|| Culture shock: Burmese refugee's heart remains with homeland
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ROCK ISLAND -- Life in the United States is difficult for Nawseng Myishi.
In the summer of 2008, the 35-year-old man left his home country of Burma with his wife, Lumnu Mayit, because of conflict going on there.
"Because of that, we have to be here," he said.
Many Burmese people left the country about the same time, he said. With the help of the United Nations High Commissioner for Refugees, or UNHCR, Mr. Myishi said, the couple traveled to Thailand for "processing" and then to Malaysia. Conditions weren't safe in Malaysia, he said, and many of the people there fled to China. He and his wife stuck it out, though, and later made their way to Germany, then Chicago and finally to the Quad-Cities in the fall of 2011.
"It took a while (to get here)," he said.
A number of countries participate in the refugee program, he said, and the UNHCR placed the couple in the Quad-Cities. While he has acquired an apartment and a job with the help of World Relief, living in the "Quad-Cities was not my choice," he said.
"It was, like, crazy, you know," he said. Almost every day, the UNHCR was helping groups of Burmese people, he said. Wherever he went, luckily, he found a lot of his people, he said, adding he wasn't alone.
He began learning English in Malaysia, he said. Now he is earning his pre-GED at Black Hawk College in Moline and working "on the line" at Tyson Foods in Joslin.
Being in the United States is "so hard," he said. But, "I am learning."
His life is "very different" in the Quad-Cities than it was in Burma.
Understanding and speaking English is difficult for Mr. Myishi. He said the people he has met in the community haven't always been the most patient people to speak with. If they speak too fast, he cannot understand them, he said, and often they don't have the patience to listen and understand him.
Because of that, "(my) confidence is all gone," he said.
The culture is quite different in the states, too. In Burma, "when we see people, we are happy," he said, but in the states, people tend to be a bit busier and don't have the time for chit-chat.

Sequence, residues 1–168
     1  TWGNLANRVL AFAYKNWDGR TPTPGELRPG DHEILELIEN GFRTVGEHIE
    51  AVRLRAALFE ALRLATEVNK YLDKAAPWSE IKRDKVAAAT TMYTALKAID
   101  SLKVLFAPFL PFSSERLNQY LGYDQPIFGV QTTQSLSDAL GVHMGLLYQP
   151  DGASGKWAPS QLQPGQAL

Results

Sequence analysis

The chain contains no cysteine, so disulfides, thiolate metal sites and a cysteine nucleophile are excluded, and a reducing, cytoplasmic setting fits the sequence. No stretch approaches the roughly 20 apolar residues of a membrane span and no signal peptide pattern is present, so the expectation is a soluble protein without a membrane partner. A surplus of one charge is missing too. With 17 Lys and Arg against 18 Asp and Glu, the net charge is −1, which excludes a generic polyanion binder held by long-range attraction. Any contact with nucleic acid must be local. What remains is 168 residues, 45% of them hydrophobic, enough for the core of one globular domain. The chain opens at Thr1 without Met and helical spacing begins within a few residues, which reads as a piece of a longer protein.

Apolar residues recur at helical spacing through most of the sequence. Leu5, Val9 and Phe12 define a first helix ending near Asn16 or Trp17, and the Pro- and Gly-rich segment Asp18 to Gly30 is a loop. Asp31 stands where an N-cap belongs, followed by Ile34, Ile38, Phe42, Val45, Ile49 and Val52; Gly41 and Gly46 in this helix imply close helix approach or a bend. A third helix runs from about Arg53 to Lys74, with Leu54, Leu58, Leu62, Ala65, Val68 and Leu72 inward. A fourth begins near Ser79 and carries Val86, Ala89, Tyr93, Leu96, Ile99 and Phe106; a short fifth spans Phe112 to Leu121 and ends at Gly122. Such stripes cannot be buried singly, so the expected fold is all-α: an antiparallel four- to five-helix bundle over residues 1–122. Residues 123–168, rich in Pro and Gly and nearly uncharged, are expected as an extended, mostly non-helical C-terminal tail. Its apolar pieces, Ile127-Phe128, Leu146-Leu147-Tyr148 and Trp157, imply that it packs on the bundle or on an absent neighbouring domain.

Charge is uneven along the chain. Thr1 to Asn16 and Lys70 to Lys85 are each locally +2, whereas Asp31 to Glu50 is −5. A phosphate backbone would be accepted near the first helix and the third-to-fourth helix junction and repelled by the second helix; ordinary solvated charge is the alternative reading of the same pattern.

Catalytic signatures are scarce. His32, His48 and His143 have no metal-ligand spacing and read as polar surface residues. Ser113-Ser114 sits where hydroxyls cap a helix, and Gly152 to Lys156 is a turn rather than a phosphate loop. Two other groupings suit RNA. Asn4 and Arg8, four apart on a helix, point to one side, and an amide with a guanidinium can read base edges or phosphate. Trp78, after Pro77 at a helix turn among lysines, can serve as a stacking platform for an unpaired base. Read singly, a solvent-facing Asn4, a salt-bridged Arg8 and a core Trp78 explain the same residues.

Without a car, Mr. Myishi must rely on getting rides from friends, walking and riding buses to get around. In Burma, very few people had cars. Everyone walked, he said, walking his index and middle fingers in the air.
"We feel like we are in a jungle" because of all of the cars, he said, laughing.
Winter also has taken some getting used to, he said, especially snow. The first time he looked out the window and saw snow, he thought, "Ooh, la la. (Everything was) all white," he said. He didn't know where it was coming from -- "Heaven," maybe, he thought.
He said he's happy to have electricity now because his village in Burma did not. For light, they used kerosene lamps and candles. But it was OK because his people, who are farmers, were early to bed and early to rise, he said.
When his family needed food, they didn't travel to a supermarket as he does now. Food in Burma was grown on the farm or gathered in the jungles. His family only ate meat when they had guests, he said. Otherwise, they ate only vegetables and rice.
And the only time he saw snow was in the mountains.
What makes his life more difficult now is living without his wife, Mr. Myishi said. Soon after the couple moved to the Quad-Cities, her health began to wane, and she became lonely.
"She didn't want to stay here," he said, so she moved to Texas with family.
Now, Mr. Myishi lives in his Rock Island apartment with a roommate, who also is from Burma.
He said he has met other people from Burma in the community and at Calvary Church in Moline, and they have become his family. "That changed my life," he said, adding he was starting to think he had a "plan."
Mr. Myishi isn't exactly sure of his future.
"Before (coming to the U.S.), I had a lot of hope," he said. Now? "I'm scared. ... (It's) very hard."
His immediate goal is to earn his GED and then continue his education.
"I want to fight for that GED," he said.
He said he is afraid because working full time and going to school is tiring, and he worries his exhaustion prevents him from learning. He also fears he won't be able to pay his bills or pay for school.
He also worries about whether he can hang on to his "mother tongue," called Kachin. Of the six languages spoken in Burma, Mr. Myishi said he speaks four. But since he rarely uses them now, it's difficult to remember them. It was much easier to speak them "when I was young in (my) village," he said.
He said he plans to stay in the states until he "grows old," but he definitely would take the opportunity to return to his village and visit his family if it ever came.
While he is living in America, "all my soul" is in Burma, he said. "I miss my land."
-- Location:Southeastern Asia, bordering the Andaman Sea and the Bay of Bengal, between Bangladesh and Thailand.
-- Population:54,584,650 (July 2012 estimate). No. 24 in the world.
-- Languages:Burmese (official). Minority ethnic groups have their own languages.
Source: CIA World Factbook.